Until now, attempts to reform how the CFPB is funded have been the domain of the U.S. House of Representatives. But two weeks ago, Sen. David Perdue (R-Ga.) joined the effort, using a budget amendment intended to put the bureau under congressional oversight and make it subject to the appropriations process. The senator’s amendment was approved by the budget committee and now is included in the Senate’s budget resolution.
In his news release, Sen. Perdue used tough language to characterize the CFPB, calling it “reckless” and a “rogue agency.”
Will Sen. Perdue’s alternative approach to “reining in” the CFPB be more effective than the legislative process launched in the House? Probably not. Although it’s plausible the amendment may survive the reconciliation process between the House and Senate budget committees, the amendment isn’t binding and doesn’t have the force of law. And, significantly, the President—a strong supporter of the CFPB—is not required to follow it, which he won’t.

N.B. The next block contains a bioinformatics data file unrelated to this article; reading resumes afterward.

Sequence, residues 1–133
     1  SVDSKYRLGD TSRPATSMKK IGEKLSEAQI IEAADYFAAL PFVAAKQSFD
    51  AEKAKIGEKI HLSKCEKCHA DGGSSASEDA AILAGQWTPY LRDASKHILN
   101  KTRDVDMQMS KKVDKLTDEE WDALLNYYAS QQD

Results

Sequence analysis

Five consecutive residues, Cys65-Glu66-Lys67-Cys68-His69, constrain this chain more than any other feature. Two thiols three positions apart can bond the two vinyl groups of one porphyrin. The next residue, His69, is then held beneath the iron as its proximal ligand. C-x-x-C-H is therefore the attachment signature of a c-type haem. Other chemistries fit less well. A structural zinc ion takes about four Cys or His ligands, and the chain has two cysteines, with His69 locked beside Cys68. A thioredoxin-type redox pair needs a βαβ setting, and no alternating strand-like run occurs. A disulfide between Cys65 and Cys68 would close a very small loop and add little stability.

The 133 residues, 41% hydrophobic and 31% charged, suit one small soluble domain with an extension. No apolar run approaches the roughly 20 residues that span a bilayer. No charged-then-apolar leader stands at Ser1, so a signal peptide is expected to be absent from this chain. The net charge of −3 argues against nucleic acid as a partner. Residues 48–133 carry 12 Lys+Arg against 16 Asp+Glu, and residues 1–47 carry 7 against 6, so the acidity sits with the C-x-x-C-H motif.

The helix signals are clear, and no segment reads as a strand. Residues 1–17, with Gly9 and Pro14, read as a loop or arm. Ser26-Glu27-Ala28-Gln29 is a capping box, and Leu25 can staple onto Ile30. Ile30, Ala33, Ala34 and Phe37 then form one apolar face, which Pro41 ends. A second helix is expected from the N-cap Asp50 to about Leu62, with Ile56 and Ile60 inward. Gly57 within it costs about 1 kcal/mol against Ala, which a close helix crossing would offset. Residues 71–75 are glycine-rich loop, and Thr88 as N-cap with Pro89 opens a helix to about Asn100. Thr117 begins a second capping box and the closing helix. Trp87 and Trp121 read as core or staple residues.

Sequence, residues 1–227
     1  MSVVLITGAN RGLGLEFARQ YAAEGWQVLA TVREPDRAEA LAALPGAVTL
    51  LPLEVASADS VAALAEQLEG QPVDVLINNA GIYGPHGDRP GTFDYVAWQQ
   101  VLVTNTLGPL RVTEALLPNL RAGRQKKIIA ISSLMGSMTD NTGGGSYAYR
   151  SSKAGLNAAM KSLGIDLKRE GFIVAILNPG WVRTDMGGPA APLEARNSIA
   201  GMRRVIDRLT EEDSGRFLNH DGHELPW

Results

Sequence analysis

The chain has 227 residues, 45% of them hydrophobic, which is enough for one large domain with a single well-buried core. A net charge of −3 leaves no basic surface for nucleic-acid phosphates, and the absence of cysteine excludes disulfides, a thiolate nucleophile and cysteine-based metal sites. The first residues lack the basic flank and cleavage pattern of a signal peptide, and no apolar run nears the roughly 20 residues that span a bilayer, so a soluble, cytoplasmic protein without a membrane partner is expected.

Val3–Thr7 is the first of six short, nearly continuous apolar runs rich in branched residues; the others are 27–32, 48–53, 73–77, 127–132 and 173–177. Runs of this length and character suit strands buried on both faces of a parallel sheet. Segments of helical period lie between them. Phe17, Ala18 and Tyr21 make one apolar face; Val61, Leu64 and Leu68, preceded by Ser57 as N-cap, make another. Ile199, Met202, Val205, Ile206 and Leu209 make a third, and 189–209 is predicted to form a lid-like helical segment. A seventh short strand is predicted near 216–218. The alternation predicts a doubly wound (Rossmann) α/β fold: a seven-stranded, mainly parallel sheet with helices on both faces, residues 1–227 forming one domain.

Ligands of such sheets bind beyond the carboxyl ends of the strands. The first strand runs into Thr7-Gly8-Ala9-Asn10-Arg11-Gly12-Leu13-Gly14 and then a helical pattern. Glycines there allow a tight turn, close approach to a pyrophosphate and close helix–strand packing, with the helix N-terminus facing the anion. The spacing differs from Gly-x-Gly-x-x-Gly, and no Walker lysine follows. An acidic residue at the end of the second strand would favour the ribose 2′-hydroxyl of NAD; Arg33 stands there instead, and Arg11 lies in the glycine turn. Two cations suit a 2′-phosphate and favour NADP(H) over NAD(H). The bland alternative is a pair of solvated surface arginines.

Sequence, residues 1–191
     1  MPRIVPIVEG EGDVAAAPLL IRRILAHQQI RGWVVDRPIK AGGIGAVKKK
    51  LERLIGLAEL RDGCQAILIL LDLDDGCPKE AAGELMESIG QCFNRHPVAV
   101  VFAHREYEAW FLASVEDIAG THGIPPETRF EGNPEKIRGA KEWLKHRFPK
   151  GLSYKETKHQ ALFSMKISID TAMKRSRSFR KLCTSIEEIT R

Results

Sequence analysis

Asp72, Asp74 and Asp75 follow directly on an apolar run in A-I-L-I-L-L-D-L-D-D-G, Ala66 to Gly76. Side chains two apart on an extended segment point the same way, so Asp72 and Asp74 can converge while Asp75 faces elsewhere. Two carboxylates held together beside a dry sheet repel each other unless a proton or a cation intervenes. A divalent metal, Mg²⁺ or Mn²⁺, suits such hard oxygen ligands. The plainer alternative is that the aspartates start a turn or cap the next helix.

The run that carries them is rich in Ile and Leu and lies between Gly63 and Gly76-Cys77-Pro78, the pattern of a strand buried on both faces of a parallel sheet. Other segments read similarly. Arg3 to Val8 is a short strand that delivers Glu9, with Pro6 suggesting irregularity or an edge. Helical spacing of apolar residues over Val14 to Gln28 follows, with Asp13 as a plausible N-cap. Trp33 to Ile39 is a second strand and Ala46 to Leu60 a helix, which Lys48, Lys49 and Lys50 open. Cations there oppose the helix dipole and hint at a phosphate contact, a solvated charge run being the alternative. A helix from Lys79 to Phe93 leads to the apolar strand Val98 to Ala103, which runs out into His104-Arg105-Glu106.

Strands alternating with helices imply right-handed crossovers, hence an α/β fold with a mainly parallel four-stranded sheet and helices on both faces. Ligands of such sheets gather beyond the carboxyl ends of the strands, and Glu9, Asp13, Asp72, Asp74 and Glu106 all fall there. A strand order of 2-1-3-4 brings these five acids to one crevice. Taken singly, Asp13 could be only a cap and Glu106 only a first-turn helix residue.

The CFPB is funded primarily from the Fed’s operating budget, with certain caps, and its budget is not subject to congressional approval. In 2014, the bureau’s budget was $498 million, and its 2015 budget is $582 million. Early last month, Rep. Sean Duffy (R-Wis.) reintroduced a CFPB reform package in coordination with colleagues on the House Financial Services Committee. One of bills in the package, HR 1261, would subject the CFPB to the congressional appropriations process.
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